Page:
The rooster pheasant brings a lot of hunters to South Dakota, but there are prairie grouse to chase as well, adding a different dimension to the hunt.
A bull bellowed, a cow shook water out of her coat. A coyote slunk away with nary a glance at the buffalo, his nose close to the ground, on the hunt for an easier meal. In South Dakota’s northeast corner, there is an untilled landscape of 135,000 acres that extends across the state line into North Dakota, a remnant of the grasslands that once covered a fifth of the Continent.
The Nature Conservancy manages part of this landscape on the South Dakota side. They call it the Samuel H. Ordway, Jr. Memorial Preserve, a 7,800-acre expanse of prairie that is the Conservancy’s largest preserve in South Dakota. It’s named in honor of the lawyer, author and noted conservationist. Ten miles west of Leola and 50 miles northwest of Aberdeen, the The Nature Conservancy preserves 300 plant species including various tall grasses, short grasses and myriad wildflowers.
Casey Weismantel and Gretchen start into the prairie on walk-in Nature Conservancy land.
Early in the day we hunted on private land walk-in areas, following directions on an app that our host, Casey Weismantel, had downloaded to his iPhone. The SDGFP Hunt/Fish application lets users view the hunting and fishing regulations, apply for licenses to hunt and fish in South Dakota, reserve a campsite in one of the state parks, and view maps of public hunting and fishing opportunities. For more information about it visit https://goo.gl/9McjU7. Using the app we flushed several roosters and all but one eluded us.
When the rain started, a narrow strip of shallows between the lakes offered a shortcut back to the truck.
Simultaneously, Weismantel was also watching a system of low-pressure storm cells that were bringing pounding rain to the prairie. When a cloudburst hit us at lunch time, we drove to the nearest town and took refuge in a small café. Part of our group, soaked to the bone, was ready to repair to the hotel for changes of clothes and drinks at the bar. Weismantel and I opted to keep hunting.
Late in the day, with still only one wild rooster to show for our efforts, we found ourselves close to The Nature Conservancy outpost.
The author admires a wild South Dakota rooster taken on private land.
When we told the manager we were exploring public land opportunities and hoped to bump into sharptails, he remembered a cowboy had reported a few birds near a water tank in one corner of the preserve. “Head out to the highway and turn . . . ,” he began. We feverishly tried to commit the details to memory.
Back in Weismantel’s F-150, we rumbled back down the gravel driveway and out to the highway. What did we have to lose? At least the calories we had consumed at lunch.
Eighty-five thousand hunters from out of state come to South Dakota every year, to hit the fields with 65,000 resident hunters. Most of that effort is aimed directly at the Chinese rooster. And that’s just fine with the relatively small number of hunters that chase prairie chickens and sharp-tailed grouse.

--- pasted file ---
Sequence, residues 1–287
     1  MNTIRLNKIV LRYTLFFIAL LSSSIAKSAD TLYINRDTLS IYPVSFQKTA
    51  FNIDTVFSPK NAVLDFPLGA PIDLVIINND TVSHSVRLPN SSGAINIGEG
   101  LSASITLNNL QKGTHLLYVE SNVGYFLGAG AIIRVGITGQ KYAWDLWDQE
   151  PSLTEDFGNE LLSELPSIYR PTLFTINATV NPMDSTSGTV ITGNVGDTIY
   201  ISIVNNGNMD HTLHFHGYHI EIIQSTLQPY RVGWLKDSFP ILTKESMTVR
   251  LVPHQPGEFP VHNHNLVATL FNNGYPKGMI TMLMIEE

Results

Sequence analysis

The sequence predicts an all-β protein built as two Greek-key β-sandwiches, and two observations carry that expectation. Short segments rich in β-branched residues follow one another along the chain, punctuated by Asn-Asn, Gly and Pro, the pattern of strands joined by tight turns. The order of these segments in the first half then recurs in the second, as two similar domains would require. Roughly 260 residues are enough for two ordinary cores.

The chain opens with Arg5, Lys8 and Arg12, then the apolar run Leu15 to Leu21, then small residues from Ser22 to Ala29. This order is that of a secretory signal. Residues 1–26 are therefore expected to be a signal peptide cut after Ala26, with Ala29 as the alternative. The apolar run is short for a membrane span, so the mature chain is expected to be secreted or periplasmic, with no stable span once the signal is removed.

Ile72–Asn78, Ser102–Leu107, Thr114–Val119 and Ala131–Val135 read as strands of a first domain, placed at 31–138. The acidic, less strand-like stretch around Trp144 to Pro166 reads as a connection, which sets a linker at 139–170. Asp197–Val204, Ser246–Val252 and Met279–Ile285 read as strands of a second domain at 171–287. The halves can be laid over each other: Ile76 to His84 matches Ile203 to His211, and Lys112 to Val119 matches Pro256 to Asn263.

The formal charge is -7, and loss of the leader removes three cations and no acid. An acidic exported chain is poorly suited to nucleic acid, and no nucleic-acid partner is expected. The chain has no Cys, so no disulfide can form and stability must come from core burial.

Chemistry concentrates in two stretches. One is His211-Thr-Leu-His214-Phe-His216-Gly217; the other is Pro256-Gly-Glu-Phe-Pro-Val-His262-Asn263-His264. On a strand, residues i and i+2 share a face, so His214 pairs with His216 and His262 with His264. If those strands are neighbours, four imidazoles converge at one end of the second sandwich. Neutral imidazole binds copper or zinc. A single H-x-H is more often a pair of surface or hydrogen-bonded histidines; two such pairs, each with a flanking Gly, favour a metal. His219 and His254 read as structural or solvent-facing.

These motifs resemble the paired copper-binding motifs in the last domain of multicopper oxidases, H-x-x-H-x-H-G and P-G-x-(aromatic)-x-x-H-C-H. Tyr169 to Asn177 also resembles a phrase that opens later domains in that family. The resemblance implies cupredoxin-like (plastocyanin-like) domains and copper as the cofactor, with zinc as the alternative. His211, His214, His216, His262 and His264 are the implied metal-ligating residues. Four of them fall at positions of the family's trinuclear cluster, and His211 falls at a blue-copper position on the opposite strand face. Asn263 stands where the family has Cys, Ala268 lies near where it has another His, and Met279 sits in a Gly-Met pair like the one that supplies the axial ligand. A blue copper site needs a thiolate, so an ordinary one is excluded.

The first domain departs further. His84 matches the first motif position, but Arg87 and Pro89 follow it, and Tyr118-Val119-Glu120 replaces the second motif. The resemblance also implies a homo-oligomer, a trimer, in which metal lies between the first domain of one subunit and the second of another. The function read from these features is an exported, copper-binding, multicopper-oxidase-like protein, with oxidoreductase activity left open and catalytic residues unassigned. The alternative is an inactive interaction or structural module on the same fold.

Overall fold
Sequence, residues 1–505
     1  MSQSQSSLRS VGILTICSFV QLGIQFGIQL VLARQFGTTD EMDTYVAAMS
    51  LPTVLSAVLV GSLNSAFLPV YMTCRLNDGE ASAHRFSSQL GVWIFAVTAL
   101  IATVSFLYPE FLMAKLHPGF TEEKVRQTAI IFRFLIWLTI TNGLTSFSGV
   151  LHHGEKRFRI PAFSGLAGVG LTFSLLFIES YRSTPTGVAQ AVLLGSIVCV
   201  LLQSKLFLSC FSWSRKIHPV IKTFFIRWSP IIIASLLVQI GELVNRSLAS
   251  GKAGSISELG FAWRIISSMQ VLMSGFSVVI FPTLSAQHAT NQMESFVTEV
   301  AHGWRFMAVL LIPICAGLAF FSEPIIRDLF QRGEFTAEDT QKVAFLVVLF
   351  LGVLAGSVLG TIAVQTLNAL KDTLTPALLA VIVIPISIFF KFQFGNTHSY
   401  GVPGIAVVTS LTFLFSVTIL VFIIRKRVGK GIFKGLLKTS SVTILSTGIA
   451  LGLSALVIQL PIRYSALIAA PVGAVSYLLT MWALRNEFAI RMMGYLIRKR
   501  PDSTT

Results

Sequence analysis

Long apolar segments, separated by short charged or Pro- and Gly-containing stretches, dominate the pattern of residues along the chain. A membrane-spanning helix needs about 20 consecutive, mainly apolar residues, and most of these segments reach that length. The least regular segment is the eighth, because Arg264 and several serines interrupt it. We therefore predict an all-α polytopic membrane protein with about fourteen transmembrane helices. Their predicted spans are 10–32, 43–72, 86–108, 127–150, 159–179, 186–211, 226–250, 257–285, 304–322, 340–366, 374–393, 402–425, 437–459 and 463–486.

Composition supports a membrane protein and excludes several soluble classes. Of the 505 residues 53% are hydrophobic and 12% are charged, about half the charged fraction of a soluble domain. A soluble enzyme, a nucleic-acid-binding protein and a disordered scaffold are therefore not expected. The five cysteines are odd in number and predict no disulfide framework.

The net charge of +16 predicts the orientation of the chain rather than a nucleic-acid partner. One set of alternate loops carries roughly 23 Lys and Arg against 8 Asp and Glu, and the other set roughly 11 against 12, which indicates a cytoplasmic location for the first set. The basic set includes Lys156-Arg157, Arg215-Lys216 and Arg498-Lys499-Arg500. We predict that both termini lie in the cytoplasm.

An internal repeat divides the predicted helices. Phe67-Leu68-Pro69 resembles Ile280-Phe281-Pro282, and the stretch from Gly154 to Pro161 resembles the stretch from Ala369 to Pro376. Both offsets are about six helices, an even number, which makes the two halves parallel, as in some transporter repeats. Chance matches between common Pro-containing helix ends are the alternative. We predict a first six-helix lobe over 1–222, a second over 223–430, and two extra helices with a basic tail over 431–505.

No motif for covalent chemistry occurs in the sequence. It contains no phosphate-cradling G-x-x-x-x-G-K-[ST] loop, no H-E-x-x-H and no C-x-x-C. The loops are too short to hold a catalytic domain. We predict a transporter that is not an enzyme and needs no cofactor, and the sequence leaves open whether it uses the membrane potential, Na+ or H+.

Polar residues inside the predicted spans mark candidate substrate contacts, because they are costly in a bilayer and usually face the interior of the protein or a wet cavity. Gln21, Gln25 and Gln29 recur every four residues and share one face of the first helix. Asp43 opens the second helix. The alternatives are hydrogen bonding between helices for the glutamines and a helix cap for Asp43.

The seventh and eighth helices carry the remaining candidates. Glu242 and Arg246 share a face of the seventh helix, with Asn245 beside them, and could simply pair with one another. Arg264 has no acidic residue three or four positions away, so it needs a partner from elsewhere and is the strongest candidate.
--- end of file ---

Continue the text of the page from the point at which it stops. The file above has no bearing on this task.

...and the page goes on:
Back at the truck after a long walk.
According to the most recent survey, in 2015 there were a projected 7,866 resident prairie grouse hunters and 5,032 hunters from out of state. Residents averaged a bit less than one bird per day with 4.4 birds for 4.72 days hunted. Nonresident hunters averaged 3.08 birds for 4.05 days hunted.
The traveling hunter should try to beat the statewide average. When I perused the statistics (available at http://gfp.sd.gov/hunting/harvest/reports/PrairieGrouse.pdf) I looked for the counties that produced more than four birds per hunter. According to the table, the top counties, that produced the most birds per hunter day, were Davison, Buffalo, Corson, Dewey, Haakon, Harding, Mellette, Perkins, Union and Ziebach.
It would have been easy for our team of two hunters and one dog to beat that old statewide average, but we ran smack into that old hard truth about prairie grouse – the hunt itself returns more in exercise than it does in protein.
We located the corner of The Nature Conservancy land where the birds had last been seen. We parked at the fence and walked through a gate. Gretchen, our hard-working German wirehair, sniffed out where the birds had been earlier that day.
Ron Kerr and Dave Vedder walk through a corner of farmland left wild for the sake of wildlife.
After we had circled through a square mile of habitat, we made our way back to the F-150 and started back down the dirt road toward the pavement. That was when we startled the first flock of sharptails. They had been feeding on private land adjacent to the The Nature Conservancy preserve. The second group, which probably held more than 30 birds, flew right over the truck.
The birds sailed on the prairie wind and we saw them go to ground hundreds of yards inside the fence where they would roost on the same Nature Conservancy ground we had just swept with the dog. That's the way it works most of the time. Besides, we told ourselves, the exercise was good for us.
Next time we bring binoculars and try to spot the birds feeding on private land. We know where they’ll head to roost and water before sunset. We'll loaf around till the birds show up and send the dog to find them. And we'll beat that statewide average. It’ll be good exercise, whatever happens.
Gary Lewis is the host of Frontier Unlimited and author of John Nosler – Going Ballistic, Black Bear Hunting, Hunting Oregon and other titles. Contact Lewis at www.GaryLewisOutdoors.com.